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Concierge.com

St. Regis Washington D.C., Downtown

$400 or more
Editor's Pick
District of Columbia, United States, North America: The lobby at St. Regis Washington, D.C.
923 16th & K Streets N.W.
Washington , D.C.
20006
Tel: 202 638 2626
reservations.stregisdc@stregis.com
www.stregis.com/washington
Concierge.com's insider take:

Washington's newest grande dame actually arrived on the scene in 1926, as the Carlton Hotel. (It became a St. Regis in 1999, the first property to bear that name after the New York original.) Modeled on an Italian palazzo and located just two blocks from the White House, the hotel was intended to make European dignitaries feel at home when visiting the U.S. capital. It's still the province of visiting heads of state, diplomats, and lobbyists, and an air of decorum prevails. You arrive to a handwritten welcome note from the manager, and your butler ensures that shoes are shined and shirts pressed (complimentary in suites). A $56-million renovation in 2007 added high-tech touches to the 175 traditional rooms: An armoire hides the flat-screen TV and minibar; in the bathroom, handsome brass fixtures and mosaic tiles frame no-fog mirrors with built-in TV screens. In all, the decor is light and contemporary, with jewel-toned textiles to offset the dark wood and gilt trim. By late 2009, the hotel expects to open a spa and fitness center in a neighboring town house; until then, amenities are limited largely to the bar and Adour, the French restaurant from Alain Ducasse. Two minor quibbles: The hotel charges $12.95 a day for Wi-Fi, an irksome expense for such a business-friendly hotel. Also, standard rooms lack bathtubs, though upgrading to a suite can cost as little as $30 more per night.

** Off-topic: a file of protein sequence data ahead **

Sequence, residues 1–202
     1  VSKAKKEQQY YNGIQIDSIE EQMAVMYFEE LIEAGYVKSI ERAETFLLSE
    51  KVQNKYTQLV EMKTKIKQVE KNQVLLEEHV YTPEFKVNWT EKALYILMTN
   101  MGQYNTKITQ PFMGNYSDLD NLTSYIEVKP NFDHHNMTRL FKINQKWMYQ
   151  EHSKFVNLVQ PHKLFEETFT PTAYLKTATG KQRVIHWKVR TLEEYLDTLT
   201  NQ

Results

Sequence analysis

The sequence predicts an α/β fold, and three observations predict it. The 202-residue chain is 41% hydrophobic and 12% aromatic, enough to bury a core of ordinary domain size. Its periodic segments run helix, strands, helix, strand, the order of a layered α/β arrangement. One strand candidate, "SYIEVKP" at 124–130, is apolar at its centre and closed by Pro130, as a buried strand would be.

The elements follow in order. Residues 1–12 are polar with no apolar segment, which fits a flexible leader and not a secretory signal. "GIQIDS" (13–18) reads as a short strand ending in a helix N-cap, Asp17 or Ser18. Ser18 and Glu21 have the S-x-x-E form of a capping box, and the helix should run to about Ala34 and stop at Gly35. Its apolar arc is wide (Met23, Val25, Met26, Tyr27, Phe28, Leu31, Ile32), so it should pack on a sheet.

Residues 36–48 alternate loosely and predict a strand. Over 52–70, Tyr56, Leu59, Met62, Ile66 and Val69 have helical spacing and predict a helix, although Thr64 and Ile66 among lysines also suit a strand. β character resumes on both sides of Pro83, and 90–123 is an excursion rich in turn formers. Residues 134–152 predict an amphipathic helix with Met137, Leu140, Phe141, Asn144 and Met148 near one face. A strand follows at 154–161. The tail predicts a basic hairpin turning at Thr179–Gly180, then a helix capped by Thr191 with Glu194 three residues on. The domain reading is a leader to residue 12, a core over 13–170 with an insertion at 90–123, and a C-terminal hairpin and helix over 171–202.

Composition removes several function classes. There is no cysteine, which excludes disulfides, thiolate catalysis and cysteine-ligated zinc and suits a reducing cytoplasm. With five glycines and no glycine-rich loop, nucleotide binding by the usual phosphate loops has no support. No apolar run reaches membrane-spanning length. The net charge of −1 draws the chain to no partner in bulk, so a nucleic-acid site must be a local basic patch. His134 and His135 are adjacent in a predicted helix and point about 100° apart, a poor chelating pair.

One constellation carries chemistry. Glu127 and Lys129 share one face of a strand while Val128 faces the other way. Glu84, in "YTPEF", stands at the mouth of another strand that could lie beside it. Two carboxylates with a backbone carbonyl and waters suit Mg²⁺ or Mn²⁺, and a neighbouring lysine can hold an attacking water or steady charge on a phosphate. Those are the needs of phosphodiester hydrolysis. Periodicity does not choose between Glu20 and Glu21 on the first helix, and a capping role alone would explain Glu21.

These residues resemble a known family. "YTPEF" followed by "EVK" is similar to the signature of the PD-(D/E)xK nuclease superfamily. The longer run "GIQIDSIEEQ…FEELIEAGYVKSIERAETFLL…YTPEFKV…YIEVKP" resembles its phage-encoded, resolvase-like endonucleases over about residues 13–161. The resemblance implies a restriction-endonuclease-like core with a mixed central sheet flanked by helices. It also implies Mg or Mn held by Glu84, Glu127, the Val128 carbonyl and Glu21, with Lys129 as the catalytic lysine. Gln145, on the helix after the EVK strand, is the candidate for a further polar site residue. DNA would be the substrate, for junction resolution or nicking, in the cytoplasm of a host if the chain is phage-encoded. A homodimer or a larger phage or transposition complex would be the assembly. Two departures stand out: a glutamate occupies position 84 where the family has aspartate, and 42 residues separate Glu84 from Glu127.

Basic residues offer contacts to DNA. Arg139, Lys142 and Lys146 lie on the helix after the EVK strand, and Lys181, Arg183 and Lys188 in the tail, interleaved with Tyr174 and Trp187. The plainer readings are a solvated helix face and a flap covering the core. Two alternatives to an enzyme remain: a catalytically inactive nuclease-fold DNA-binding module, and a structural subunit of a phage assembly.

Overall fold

From the readers of Condé Nast Traveler:
Overall Score: 90.1
  • Design: 91.1
  • Food: 87.5
  • Location: 94.6
  • Rooms: 91.1
  • Service: 85.7
Two blocks from the White House and near the National Geographic Society, the former Carlton hotel pairs Palladian windows and Louis XVI chandeliers with contemporary custom-designed furnishings. Rooms are decorated in gold and sienna hues, while "wonderful bathrooms" are stocked with Remede amenities. Adour, with tones of black, silver, cream, and gold, is an Alain Ducasse restaurant serving contemporary French-American cuisine like Muscovy duck l'orange.

(182 rooms)
—2011 Gold List
Information may have changed since the date of publication. Please confirm details with individual establishments before planning your trip.